If we miss the playoffs then 2009 and 2010 are no longer blips on HOF careers but instead they are trends. People can make excuses all they like about injuries to certain players, but the fact of the matter is, NE has set the standard for what is expected year in and year out from elite HC/QB combos. These next 4 games will do a great deal in defining TC and Eli, for better or worse.

    The story on New Years day is either, we made the playoffs again, proving Eli and TC are in the highest class the NFL has to offer, or we completed another choke job, the 3rd one in 4 years.

  5.  rlhjr says:

    “JimStoll says:
    December 7, 2012 at 10:43 AM
    I’ve been meaning to ask people this question for some time: does anyone think JPP looks significantly heavier this year than last?
    I look at him and see a thicker slower player than the previous season
    anyone else see that?”

    For real he looks like they tried to fatten him during the off-season. Especially through the hips and legs. IMHO he has to come in at 275 lbs to be effective.
    He looks 290 and it’s a credit to his ability that he can still move like he does.
    Toward the end of the season, all of them are down by 20lbs or so.

    The good news is he’s kid. So the baby fat rules still apply.

  6.  Eric S says:


    Eric S says:
    December 6, 2012 at 12:52 PM
    As it pertains to Wilson, I’ve seen the words possible bust, slow to develop, not a starting caliber NFL back all bandied about on previous threads to which I say give it a rest. He’s had 28 carries in 12 games, Doug Martin and Alfred Morris have 236 and 230 carries respectively. Andre Brown had 73 carries this season, 33 of which came against Tampa and Carolina. It took this staff literally 2 months to figure out what we all did right away, that Brown should get way more carries than he was getting. In that 2 months Brown never got more than 7 carries in a game. It wasn’t until the GB game where he got 13 carries for 64 yards and a TD did the staff seem to realize this. Unfortunately he broke his leg.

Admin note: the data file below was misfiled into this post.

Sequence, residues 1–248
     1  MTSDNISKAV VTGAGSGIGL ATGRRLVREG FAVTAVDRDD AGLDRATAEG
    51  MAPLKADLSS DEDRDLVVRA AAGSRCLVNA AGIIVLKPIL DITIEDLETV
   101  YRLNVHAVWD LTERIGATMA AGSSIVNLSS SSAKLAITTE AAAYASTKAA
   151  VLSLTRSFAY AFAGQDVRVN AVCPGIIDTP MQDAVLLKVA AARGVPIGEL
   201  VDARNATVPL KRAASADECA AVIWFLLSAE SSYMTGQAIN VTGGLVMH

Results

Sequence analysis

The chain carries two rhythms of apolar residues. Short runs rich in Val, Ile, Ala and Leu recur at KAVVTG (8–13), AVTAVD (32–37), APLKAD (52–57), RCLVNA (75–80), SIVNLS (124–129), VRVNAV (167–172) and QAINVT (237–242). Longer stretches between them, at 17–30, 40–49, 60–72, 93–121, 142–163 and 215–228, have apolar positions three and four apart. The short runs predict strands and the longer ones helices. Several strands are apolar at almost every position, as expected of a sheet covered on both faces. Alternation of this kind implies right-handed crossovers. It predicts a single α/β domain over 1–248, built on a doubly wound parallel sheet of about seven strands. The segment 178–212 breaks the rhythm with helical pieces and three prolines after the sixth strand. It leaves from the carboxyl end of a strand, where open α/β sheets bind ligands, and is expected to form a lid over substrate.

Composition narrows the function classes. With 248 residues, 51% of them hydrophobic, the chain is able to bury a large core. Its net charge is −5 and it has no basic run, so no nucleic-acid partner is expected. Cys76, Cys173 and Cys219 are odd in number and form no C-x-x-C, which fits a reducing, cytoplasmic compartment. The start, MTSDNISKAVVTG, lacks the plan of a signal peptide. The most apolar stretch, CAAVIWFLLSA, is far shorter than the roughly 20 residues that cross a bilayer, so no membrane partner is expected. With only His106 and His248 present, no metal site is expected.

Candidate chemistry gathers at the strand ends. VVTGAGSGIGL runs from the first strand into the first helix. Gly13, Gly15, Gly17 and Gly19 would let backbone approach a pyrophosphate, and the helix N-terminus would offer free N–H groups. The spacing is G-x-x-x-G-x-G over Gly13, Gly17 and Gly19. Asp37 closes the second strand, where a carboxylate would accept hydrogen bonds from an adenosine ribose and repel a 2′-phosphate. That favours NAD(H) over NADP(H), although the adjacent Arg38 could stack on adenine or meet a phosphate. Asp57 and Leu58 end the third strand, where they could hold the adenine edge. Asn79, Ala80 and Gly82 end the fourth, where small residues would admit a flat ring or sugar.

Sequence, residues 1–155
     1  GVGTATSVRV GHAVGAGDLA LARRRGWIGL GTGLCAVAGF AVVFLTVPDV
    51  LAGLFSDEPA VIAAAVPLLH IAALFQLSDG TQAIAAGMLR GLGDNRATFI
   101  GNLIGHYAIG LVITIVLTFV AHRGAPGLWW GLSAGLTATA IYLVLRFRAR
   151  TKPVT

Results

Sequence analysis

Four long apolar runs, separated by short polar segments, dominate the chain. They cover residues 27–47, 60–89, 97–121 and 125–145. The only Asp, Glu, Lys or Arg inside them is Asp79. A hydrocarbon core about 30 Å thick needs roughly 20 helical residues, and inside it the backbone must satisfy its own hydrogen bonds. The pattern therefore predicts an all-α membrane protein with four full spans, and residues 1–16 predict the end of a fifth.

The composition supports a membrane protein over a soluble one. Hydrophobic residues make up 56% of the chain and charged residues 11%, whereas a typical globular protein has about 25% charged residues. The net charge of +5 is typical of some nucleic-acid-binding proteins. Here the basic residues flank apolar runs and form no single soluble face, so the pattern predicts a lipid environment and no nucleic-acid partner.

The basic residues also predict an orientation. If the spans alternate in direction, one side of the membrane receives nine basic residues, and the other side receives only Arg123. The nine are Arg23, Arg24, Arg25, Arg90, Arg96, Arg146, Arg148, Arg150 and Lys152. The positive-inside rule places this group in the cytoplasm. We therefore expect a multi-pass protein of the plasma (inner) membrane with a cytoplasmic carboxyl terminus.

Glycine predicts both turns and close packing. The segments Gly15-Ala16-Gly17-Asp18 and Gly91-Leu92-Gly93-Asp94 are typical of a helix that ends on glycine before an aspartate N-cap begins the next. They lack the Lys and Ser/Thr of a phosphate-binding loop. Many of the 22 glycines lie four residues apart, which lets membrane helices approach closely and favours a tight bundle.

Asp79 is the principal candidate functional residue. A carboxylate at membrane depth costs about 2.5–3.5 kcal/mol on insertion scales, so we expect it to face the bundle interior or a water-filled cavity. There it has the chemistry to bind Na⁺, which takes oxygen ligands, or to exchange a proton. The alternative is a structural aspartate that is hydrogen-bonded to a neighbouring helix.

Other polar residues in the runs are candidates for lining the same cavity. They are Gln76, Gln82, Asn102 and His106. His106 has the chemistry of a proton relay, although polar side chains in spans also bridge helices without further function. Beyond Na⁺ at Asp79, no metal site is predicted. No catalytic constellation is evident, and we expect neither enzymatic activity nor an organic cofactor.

Wilson was a first round pick and as such expectations are high. He’s explosive and I get the feeling that many people expect him to take it to the house every time which creates unreal expectations. This staff has done him no favors by announcing to the world in no uncertain terms that they don’t trust him at all in pass protection meaning if you’re a defender and Wilson is in the game, more than likely you can cheat the run. On top of that you know they like to run pitches and counters with him to utilize his speed. It’s predictable. Leading up to the Washington game the talk was that he needed to be ready to step up and handle the increased workload. He got a whopping 4 carries. Again, Wilson has 28 carries for his career, Martin had 24 carries in his first game. Martin averages 20 carries a game, I think it’s fair to presume that Wilson would break off plenty of nice runs getting 20 carries a game. So let’s hold off on the disappointment until we get more than a few token touches a game.

    •  JimStoll says:

      hopefully we’ll get a chance to find out
      what is tough to accept is that a number 1 pick can get as little playing time as this guy
      even Prince who was injured all of last year got more playing time
      I always thought RB was the easiest transition position
      this kid is suppose to be a no. 1 talent
      Bradshaw is only a slightly above average runner
      the giants are desperate for explosive offensive weapons in the wake of Nicks’ injury and MM’s departure, and yet the kid can’t get on the field

      that’s why bust is already being used

      •  Eric S says: